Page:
A second income from £3 a day profit? I love this plan!

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Have you ever thought how useful it is to earn money without having to work for it? I know I have, but so many promising plans that seem like pie in the sky to me. That’s why my approach to generating secondary income is based on buying dividends.

That doesn’t require me to spend a lot of money – at the end of the day I can put in whatever I want, even if it’s just change. Here’s how I do it.

Save a few kilograms every day

Nowadays, three pounds is not too far – in some places it is the price of a sandwich or a coffee.

But all those pound coins could soon add up. Losing three kilograms a day will add up to over a thousand pounds in a year.

I’m hoping that if I can use that to start buying dividend stocks, I can create a second income. The amount depends on the dividend yield of the stock I buy. For example, if the yield is 5%, a year’s worth of savings could buy me a share with an annual dividend yield of around £55. If I hold those shares and the dividend is maintained, I hope to continue to make gains for years to come.

That way, even though my daily savings are the same at £3, hopefully the secondary income for me will grow.

Choosing the shares of stock to buy

However, not all stocks pay dividends and even those that do can stop them at any time. So how do I decide which objectives best suit them?

I tend to stick with industries and businesses that I feel I understand, which helps me assess their attractiveness to me as an investor. Then I looked for companies that I felt had some competitive advantage that would help them maintain good profit margins even under pressure from competitors. For example, there is only one. McDonalds. At the same time Jersey Electric It has a network and is expensive and probably impossible for a competitor to copy AstraZeneca He has exclusive rights to profit from several drugs under his patent.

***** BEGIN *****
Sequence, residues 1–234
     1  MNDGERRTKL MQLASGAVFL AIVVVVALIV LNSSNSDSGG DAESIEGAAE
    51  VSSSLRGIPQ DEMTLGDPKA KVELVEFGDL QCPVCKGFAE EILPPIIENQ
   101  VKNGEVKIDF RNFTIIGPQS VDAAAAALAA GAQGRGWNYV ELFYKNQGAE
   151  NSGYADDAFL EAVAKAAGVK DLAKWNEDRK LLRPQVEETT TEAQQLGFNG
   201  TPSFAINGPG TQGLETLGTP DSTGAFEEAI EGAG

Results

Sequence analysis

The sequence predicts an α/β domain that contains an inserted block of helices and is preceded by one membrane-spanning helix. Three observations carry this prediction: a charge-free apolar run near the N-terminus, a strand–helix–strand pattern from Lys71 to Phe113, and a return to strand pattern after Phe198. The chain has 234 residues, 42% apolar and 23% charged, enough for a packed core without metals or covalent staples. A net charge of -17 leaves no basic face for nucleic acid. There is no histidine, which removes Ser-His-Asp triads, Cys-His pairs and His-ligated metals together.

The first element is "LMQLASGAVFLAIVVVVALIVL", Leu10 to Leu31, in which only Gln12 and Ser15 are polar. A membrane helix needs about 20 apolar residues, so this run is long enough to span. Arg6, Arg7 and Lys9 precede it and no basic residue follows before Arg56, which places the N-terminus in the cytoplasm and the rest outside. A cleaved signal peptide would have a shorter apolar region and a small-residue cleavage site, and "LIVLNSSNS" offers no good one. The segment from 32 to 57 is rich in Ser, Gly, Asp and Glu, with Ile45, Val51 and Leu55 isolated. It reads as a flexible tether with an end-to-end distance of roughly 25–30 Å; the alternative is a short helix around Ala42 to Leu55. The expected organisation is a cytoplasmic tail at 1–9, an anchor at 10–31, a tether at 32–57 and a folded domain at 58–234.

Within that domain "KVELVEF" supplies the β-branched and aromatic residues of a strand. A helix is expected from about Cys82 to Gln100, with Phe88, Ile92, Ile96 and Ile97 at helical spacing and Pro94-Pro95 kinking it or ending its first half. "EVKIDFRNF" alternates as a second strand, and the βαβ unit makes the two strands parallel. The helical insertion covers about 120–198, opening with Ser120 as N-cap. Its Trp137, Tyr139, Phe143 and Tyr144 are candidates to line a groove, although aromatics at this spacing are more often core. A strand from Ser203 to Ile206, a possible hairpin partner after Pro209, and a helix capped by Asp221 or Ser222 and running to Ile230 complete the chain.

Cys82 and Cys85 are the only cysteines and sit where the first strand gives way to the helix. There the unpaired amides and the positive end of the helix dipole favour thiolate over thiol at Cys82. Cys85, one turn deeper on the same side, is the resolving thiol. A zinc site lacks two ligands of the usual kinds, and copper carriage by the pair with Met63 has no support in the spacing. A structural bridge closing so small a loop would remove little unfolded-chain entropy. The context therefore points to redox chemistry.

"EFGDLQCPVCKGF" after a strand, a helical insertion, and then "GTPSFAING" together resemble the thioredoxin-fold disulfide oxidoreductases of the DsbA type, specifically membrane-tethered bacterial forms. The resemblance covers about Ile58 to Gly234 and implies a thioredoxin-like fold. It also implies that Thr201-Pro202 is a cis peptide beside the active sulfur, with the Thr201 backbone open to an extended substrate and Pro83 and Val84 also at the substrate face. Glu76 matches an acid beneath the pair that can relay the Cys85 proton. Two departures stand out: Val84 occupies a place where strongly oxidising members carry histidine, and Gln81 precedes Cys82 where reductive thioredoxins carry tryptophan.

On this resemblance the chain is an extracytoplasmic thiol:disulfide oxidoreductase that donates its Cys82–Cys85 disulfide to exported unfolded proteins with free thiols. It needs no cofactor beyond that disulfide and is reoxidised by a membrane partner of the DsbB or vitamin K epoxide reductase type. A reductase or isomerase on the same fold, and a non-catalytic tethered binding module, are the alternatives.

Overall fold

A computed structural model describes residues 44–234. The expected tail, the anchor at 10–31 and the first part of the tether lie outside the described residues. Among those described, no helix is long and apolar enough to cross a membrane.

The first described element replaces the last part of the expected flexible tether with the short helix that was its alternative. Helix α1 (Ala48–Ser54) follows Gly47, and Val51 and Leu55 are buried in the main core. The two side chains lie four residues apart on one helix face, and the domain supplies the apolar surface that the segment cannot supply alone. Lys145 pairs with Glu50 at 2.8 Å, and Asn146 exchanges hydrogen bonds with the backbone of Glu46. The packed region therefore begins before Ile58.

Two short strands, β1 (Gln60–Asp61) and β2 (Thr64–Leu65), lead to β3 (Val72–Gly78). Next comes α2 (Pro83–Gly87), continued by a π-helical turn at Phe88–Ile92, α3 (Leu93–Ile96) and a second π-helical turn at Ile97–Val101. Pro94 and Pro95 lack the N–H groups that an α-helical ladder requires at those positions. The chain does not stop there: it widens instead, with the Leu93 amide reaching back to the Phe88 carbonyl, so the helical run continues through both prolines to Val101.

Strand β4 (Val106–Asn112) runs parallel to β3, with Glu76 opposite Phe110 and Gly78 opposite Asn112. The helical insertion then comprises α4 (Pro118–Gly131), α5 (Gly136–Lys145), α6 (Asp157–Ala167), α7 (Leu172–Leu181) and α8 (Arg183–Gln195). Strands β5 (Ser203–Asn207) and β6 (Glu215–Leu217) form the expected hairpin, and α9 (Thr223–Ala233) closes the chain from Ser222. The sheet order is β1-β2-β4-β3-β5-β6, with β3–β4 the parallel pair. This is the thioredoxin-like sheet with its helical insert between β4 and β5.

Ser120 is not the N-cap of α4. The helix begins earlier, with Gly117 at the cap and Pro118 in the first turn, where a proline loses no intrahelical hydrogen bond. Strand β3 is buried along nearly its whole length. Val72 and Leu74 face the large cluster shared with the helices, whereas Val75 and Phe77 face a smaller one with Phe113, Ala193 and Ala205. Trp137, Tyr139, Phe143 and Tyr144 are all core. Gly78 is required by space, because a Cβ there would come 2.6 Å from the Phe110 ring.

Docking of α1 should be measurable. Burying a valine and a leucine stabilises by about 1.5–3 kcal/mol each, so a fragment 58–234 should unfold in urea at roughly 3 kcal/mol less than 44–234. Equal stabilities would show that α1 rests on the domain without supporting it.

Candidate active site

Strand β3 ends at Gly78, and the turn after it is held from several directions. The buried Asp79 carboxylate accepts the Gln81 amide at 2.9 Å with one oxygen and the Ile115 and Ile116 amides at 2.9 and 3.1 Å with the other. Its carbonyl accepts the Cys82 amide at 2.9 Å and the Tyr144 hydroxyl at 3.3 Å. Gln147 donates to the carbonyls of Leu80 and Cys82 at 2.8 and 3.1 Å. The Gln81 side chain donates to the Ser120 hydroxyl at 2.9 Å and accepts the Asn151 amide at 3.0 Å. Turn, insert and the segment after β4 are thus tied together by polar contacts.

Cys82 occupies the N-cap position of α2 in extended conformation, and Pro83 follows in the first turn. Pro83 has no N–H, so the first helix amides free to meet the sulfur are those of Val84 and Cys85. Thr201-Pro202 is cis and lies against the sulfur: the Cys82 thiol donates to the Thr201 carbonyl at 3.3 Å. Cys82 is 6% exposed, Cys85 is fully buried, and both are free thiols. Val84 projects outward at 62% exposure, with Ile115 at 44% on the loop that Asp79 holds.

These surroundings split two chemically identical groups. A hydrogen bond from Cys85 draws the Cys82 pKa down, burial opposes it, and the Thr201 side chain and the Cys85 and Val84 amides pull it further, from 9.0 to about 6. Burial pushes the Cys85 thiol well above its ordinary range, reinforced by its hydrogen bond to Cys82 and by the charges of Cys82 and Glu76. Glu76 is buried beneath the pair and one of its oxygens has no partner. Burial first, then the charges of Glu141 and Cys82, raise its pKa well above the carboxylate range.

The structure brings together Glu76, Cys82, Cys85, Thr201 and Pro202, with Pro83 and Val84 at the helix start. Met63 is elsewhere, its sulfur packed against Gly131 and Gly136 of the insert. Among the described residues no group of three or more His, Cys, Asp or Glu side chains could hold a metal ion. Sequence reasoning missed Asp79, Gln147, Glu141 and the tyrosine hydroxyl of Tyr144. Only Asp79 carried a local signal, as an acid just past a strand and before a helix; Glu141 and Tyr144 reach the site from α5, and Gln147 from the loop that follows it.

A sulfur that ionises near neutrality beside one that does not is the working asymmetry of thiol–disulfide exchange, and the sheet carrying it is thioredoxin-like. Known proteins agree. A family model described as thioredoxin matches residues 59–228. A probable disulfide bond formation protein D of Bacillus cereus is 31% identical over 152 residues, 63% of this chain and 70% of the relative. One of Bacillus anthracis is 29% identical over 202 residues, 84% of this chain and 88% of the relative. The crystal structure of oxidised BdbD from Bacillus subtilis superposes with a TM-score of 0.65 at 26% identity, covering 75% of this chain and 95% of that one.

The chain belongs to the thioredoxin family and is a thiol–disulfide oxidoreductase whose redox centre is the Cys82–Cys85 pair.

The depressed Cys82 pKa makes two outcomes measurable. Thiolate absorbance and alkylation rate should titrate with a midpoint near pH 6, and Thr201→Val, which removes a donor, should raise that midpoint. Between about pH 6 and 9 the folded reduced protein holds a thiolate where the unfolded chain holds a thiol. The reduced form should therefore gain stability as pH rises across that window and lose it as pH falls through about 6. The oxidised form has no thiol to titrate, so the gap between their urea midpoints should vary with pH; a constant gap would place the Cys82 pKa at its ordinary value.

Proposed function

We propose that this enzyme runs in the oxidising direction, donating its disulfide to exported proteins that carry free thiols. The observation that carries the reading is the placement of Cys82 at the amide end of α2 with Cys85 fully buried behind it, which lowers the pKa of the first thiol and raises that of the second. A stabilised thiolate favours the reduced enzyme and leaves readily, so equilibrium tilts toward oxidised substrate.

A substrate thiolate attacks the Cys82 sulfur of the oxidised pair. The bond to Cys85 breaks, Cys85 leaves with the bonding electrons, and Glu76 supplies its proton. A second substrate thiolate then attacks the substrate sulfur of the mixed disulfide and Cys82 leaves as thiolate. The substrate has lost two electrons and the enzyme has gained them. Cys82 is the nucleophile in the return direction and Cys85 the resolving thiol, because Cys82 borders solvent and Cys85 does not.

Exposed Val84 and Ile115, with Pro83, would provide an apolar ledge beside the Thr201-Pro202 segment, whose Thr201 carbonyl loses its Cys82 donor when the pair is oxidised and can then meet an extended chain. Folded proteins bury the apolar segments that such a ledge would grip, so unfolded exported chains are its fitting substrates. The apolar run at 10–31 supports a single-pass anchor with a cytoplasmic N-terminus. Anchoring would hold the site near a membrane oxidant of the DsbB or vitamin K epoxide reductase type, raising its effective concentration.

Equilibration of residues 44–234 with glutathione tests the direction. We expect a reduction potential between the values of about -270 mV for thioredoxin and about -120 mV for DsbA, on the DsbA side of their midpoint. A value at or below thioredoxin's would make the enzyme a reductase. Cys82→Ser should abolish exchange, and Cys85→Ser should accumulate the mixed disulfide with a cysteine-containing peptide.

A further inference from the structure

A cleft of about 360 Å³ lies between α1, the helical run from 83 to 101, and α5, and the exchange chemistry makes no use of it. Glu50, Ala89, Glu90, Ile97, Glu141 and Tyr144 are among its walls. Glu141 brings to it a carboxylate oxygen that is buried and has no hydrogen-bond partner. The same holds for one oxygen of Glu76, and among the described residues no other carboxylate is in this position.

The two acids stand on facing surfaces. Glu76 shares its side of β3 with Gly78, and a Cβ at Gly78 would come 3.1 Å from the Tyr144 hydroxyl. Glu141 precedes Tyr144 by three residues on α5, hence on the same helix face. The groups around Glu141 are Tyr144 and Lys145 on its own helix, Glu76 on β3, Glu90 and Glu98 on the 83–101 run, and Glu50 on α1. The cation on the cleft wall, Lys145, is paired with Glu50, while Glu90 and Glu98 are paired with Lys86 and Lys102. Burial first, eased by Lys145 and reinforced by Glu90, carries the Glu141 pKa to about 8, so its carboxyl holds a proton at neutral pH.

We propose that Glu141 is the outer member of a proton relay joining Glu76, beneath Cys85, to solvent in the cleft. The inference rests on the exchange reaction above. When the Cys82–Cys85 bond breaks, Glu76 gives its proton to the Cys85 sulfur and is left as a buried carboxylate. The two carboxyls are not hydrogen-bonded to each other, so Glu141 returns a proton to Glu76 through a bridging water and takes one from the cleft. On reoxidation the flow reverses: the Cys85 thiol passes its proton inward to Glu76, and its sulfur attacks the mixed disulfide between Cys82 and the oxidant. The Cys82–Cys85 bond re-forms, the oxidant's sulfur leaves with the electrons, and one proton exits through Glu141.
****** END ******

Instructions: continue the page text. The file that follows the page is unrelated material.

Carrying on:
But share price is also important. If I pay too much for even a good company, my return on investment can be poor. That’s why I want to find the best deals at attractive prices – and with the juice I paid to help build my secondary income.

Implementation of the second income plan

Even the best-laid plans for companies and investors can go awry, though. So to reduce the risk to income streams if a business cropper comes along, I diversify my investments across a range of stocks.

To get going, I’d start by putting £3 a day into a stock dividend account or Stocks and Shares ISA. Then I start hunting for the kind of promising income stocks I want to own – today!

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